What, you are likely asking yourselves, does any of this have to do with Newcastle United - and rightly so as this is a Newcastle United blog, not cutting room floor clips from Taxi Cab Confessions.  Following the derby loss non-performance, the heat underneath Alan Pardew's seat must've felt uncomfortable.  He had stated heading into the stretch of matches including the makems, Chelsea and Tottenham that two of them were winnable - and starting with a loss to the team rooted to the bottom of the table was not the way to start.  Fast forward and Newcastle have beaten Chelsa 2-0 and Tottenham 1-0 in consecutive weekends and proved the Prophecy of Pardew correct.  In turn, of course, the fire under Pardew's seat is completely and utterly extinguished because Sky6 and suddenly we can compete, yes yes?  It's really not that easy.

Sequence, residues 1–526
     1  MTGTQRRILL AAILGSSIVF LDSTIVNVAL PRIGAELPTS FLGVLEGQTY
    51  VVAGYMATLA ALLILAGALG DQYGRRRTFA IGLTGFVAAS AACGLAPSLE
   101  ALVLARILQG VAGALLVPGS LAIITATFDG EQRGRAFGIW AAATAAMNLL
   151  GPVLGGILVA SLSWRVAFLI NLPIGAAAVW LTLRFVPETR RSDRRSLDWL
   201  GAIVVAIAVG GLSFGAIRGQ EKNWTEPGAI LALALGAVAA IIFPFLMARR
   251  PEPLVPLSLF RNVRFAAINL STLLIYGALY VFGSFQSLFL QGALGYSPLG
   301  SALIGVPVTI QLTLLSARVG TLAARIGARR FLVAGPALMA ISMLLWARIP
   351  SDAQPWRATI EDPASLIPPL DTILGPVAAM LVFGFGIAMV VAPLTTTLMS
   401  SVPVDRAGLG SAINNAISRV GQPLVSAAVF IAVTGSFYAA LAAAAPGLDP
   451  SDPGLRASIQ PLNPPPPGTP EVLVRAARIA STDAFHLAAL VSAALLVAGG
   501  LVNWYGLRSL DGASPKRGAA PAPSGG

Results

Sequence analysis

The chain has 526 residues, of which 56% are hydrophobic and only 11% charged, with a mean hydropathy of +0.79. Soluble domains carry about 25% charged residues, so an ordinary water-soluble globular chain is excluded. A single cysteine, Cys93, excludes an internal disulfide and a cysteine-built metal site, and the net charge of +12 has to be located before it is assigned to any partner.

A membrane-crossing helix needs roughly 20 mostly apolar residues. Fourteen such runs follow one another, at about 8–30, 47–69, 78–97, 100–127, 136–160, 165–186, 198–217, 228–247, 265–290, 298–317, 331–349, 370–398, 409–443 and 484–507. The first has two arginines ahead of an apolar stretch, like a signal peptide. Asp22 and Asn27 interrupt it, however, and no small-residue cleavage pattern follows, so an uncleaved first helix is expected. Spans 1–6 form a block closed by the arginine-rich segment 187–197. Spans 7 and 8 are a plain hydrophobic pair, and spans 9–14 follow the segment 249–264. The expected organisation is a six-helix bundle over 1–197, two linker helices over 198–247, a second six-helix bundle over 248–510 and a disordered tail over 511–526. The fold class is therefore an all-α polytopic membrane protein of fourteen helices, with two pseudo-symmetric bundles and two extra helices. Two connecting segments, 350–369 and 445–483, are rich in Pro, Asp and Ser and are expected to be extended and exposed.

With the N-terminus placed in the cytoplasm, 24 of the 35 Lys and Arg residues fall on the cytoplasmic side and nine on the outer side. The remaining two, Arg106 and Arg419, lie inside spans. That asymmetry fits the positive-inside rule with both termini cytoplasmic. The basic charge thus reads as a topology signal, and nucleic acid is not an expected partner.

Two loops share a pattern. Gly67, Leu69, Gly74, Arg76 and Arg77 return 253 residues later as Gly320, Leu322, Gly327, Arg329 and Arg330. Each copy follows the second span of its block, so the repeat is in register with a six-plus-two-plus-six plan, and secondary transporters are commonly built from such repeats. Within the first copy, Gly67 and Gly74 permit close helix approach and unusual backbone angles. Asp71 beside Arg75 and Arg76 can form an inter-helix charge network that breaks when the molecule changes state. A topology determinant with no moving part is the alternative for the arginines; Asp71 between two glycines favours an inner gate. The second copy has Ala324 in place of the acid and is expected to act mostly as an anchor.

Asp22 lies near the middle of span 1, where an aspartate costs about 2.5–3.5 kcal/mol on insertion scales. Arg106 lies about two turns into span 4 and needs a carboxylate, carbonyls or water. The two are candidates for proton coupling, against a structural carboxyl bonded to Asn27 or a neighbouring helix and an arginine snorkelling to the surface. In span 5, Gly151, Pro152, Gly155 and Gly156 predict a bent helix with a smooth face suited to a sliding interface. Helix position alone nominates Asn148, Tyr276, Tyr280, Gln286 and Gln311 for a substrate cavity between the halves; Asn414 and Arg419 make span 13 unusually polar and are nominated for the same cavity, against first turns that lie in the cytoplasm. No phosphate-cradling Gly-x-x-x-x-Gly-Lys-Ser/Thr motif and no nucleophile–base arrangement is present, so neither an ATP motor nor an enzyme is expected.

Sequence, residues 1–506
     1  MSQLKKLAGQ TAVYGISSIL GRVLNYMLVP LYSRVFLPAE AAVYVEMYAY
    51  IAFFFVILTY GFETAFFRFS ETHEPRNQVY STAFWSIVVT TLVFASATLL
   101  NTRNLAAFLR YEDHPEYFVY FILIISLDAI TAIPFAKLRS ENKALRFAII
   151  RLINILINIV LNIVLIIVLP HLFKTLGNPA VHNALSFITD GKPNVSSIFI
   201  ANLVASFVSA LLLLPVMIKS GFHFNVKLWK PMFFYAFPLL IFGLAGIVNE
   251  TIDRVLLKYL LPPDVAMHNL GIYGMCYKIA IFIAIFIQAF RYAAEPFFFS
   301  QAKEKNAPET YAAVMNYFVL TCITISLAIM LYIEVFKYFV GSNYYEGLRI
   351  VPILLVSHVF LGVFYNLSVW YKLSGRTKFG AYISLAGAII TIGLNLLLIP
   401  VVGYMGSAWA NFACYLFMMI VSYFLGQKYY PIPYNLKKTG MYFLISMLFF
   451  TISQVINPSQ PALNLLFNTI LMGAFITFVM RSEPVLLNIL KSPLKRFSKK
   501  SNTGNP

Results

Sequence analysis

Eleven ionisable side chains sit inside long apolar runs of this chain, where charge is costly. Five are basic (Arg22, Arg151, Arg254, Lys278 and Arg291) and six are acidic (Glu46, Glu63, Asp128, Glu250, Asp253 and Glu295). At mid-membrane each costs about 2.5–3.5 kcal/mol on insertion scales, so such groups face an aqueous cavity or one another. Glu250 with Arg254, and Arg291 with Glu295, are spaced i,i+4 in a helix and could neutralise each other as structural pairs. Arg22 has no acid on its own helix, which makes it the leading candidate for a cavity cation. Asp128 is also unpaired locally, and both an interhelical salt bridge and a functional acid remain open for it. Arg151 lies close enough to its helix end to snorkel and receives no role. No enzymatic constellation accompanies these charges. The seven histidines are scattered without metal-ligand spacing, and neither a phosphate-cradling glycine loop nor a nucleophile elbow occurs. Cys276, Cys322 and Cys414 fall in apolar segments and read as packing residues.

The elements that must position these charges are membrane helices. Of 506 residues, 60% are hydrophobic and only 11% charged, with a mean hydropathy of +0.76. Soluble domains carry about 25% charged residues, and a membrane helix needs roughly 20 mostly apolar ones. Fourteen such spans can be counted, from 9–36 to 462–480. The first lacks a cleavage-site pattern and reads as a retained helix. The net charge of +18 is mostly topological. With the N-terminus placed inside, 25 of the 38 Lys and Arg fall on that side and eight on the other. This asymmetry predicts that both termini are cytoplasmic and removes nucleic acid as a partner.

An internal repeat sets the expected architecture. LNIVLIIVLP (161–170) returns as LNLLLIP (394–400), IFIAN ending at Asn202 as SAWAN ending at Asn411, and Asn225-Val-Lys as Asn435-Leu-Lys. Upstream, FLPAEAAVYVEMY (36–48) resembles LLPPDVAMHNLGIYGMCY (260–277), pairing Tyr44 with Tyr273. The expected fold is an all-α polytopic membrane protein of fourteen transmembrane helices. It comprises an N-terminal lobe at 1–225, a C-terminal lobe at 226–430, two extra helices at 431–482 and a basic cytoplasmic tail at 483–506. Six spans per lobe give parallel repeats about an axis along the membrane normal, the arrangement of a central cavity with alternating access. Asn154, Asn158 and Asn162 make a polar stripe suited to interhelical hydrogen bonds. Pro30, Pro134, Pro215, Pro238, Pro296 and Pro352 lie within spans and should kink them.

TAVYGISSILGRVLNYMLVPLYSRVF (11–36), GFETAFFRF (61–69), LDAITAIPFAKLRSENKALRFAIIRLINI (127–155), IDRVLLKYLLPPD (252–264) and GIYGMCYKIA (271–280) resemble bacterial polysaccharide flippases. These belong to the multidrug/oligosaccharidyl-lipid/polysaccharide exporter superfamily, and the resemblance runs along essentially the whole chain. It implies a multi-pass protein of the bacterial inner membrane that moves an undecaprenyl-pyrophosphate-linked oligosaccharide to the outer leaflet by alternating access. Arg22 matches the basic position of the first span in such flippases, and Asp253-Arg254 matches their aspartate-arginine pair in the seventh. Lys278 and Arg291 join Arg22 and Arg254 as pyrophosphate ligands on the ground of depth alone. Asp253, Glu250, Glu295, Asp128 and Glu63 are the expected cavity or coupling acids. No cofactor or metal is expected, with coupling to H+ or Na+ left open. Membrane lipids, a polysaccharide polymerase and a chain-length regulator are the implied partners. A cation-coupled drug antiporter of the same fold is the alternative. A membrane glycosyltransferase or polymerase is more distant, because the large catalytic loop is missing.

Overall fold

What we have just done in these past weeks is the Premier League equivalent of having quadrupled our initial stake.  Much of what has happened has not been of our own creation.  I am not saying that there is no credit to be given to our beleaguered manager - since reverting to his 4-4-2 comfort zone, the results speak for themselves.  On paper.  A certain amount of credit has to go to Pardew and the players for getting results against Sky6 clubs (don't forget - "We can't compete wiv the likes ov them")... you still have to manage the match and perform on the day.  Here is the thing... our spectacular 2-match winning streak - which will surely be germinal in our ultimate mid-table finishing position - is at least if not more down to the lack of performance by our opponents.